Theatre

Neighbourhood Watch

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Neighbourhood Watch is veteran playwright Alan Ayckbourn's 75th play. It is a strongly political drama set in an upper middle class neighbourhood. The protagonists Martin and Hilda are siblings and new residents at Bluebell Hill, which overlooks a working class housing estate.

The siblings meet a few of the locals at their housewarming party. After Martin encounters a young boy, who he assumes to be trespassing through his garden, the pair decide to set up a Neighbourhood Watch group. When the group decide to go ahead without the involvement of any police officers, the previously quiet inhabitants of Bluebell Hill become vigilant and the play takes a darker turn.

Edinburgh Fringe 2011 round-up

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Opposition to the cuts is so widespread that it was bound to find its way into the Edinburgh Fringe.

On 26 March around half a million marched in London against the cuts. What happened that day to a classical bassoon player and hundreds of protesters in a store in Oxford Street is the subject of the extremely funny show, Ben Brailsford: My Fortnum & Mason Hell.

The Cherry Orchard

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The plot of Chekhov's classic 1903 play is uncomplicated. An indebted Russian gentry family face having to sell their estate, including a cherry orchard. In the end they sell the land where their family has lived for generations to Lopakhin, a merchant, and leave.

What makes the play a classic - and what this production makes clear - is the meaning of these events for the family, their servants and hangers-on and for Lopakhin himself, in the context of the Russian society of the time.

Rocket to the Moon

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National Theatre
Until 21 June

Clifford Odets is rightly celebrated for his earlier overtly political plays Waiting for Lefty and Awake and Sing! Rocket to the Moon, which premiered in 1938, is a more innocuous creation, centring as it does on a somewhat hapless married New York dentist, his wife, her father, and the young dental assistant and aspiring dancer who excites his desire and causes him to muse on his thwarted ambitions.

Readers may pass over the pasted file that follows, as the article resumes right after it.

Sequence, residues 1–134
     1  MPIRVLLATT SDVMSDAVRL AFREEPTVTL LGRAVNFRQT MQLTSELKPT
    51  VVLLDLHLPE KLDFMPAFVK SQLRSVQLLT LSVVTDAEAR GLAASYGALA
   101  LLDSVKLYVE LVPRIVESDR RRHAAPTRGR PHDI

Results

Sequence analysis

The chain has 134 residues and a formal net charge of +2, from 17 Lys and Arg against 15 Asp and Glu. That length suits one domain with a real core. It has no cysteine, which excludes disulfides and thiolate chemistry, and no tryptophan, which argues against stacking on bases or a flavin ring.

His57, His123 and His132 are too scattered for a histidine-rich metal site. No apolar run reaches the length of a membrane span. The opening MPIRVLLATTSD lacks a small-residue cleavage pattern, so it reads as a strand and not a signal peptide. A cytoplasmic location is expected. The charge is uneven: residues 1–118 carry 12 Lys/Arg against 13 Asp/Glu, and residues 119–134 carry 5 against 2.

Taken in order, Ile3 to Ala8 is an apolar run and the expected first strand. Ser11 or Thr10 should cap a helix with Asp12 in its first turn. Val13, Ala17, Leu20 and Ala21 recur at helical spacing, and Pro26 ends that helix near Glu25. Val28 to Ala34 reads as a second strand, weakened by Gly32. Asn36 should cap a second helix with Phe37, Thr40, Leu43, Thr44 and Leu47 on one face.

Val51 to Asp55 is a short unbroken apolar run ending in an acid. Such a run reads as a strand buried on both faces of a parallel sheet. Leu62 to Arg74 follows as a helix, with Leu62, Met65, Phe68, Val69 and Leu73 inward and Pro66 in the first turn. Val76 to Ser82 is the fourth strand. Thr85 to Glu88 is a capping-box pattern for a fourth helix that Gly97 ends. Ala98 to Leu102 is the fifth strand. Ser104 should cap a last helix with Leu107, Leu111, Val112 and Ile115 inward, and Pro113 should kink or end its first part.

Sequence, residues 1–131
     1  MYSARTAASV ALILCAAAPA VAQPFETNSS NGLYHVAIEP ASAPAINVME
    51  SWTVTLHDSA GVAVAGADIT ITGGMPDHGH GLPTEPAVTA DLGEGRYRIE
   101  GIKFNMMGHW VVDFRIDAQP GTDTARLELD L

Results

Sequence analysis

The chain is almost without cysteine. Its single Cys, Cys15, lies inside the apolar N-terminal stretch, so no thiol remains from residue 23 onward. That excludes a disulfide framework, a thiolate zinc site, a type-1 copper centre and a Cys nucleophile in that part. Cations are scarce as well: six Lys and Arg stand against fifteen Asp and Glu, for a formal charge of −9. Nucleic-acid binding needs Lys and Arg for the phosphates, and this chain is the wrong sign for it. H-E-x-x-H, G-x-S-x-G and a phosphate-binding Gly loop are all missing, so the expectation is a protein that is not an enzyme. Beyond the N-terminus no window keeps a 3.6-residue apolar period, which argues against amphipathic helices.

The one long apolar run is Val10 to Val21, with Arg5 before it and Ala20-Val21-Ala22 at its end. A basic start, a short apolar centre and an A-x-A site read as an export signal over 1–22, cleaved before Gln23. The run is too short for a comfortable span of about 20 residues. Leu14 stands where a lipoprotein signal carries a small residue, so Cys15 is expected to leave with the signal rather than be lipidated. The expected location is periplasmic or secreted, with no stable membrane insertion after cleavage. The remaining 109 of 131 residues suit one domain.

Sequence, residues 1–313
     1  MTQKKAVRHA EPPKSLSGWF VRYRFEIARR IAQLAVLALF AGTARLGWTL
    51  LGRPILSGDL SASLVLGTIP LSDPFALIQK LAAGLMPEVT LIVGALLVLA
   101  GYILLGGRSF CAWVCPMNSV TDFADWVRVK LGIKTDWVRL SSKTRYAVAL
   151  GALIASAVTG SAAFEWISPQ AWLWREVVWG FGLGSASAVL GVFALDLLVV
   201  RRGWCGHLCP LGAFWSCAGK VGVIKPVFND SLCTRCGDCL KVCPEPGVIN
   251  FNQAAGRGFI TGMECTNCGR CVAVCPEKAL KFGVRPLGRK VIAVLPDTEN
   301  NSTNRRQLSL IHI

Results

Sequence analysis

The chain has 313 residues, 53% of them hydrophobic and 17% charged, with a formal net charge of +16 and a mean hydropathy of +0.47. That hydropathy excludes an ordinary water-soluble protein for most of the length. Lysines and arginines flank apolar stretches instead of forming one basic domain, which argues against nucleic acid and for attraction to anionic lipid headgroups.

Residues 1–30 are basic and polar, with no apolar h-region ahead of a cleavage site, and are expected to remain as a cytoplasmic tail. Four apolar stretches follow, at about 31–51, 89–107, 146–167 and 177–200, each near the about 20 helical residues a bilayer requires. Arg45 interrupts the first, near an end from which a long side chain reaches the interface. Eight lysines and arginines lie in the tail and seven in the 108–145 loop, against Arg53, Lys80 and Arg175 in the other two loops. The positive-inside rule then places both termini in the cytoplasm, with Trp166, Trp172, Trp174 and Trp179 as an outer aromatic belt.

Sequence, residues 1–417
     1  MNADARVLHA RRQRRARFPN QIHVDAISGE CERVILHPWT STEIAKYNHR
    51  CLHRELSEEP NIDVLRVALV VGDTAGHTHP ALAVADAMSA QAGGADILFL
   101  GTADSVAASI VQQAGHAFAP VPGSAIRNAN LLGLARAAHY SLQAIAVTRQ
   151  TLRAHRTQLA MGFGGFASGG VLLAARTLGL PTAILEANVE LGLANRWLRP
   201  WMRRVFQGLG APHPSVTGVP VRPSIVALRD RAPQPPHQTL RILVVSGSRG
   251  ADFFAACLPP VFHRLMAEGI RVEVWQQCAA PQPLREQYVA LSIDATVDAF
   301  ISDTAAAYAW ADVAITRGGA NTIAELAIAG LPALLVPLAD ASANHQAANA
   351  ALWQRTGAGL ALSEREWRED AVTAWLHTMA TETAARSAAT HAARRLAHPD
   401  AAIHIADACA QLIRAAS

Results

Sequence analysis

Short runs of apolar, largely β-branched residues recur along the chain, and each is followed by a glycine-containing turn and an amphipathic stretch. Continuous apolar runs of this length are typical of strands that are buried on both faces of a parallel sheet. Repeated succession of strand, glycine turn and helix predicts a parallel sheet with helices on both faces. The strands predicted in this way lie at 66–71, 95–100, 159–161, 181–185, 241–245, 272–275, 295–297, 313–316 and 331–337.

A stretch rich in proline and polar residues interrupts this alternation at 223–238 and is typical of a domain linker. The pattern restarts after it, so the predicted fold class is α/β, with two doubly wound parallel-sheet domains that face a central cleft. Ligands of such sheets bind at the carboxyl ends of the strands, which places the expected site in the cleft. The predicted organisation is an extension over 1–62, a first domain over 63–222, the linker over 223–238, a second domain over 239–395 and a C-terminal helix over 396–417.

Journey's End

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On tour

How do you swallow a war? You dilute it with long, dull slugs of peace. In fact, war is frequently so boring that soldiers long for the fighting to start. Their time is filled with the mundane. Call it a kind of humanitarian intervention.

Extreme Rambling: Walking the Wall

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Mark Thomas
On tour

This two and a half hour show is about comedian Mark Thomas's attempt to walk the entire length of the Israeli barrier in the West Bank, using the wall as a route map.

If you had asked Thomas what he was doing in Israel, he would have responded that he was writing a book "about birds and flowers". This was the line used to placate Israeli soldiers en route.

The Heretic

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Royal Court Theatre, until 19 March


The Heretic by Richard Bean centres on Dr Diane Cassell, a specialist in sea levels, whose observations lead her to question anthropogenic climate change. As its title suggests, the play argues that belief in climate change is a religion, whereas scientists "don't believe in anything".

Woody Sez

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Until 2 April 2011, Arts Theatre West End, London

Woody Sez could be categorised as a jukebox musical. But, unlike We Will Rock You or Mamma Mia, there's no glitz or glamour. Refreshingly, there are no microphones or belting voices, just the intimate experience of four musicians messing about on a dozen or so instruments and singing through the hard times of the life of Woody Guthrie.

Blood and Gifts

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National Theatre, Until 2 November

J T Rogers's Blood and Gifts was initially presented in shortened form as part of the Tricycle Theatre's The Great Game season and has now been expanded into a full-length production for the National Theatre. Set between 1981 and 1991, the play shows how US and British efforts to combat the Soviet occupation of Afghanistan led them to promote, fund and arm Islamic resistance movements within the country. As such, it is a timely reminder of the extent to which the problems that Western imperialism is now facing are of its own creation.

Edinburgh Festival 2010

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It was difficult to miss the Guantanamo installation when arriving at Edinburgh's West End during the festival. Orange-suited figures, hooded and cuffed, were squeezed into various points of St John's Church on Princes Street.

These replicas are regularly joined by orange-suited volunteers. One of the organisers explained that "it was to remind people of Obama's unfulfilled promise to close Guantanamo".

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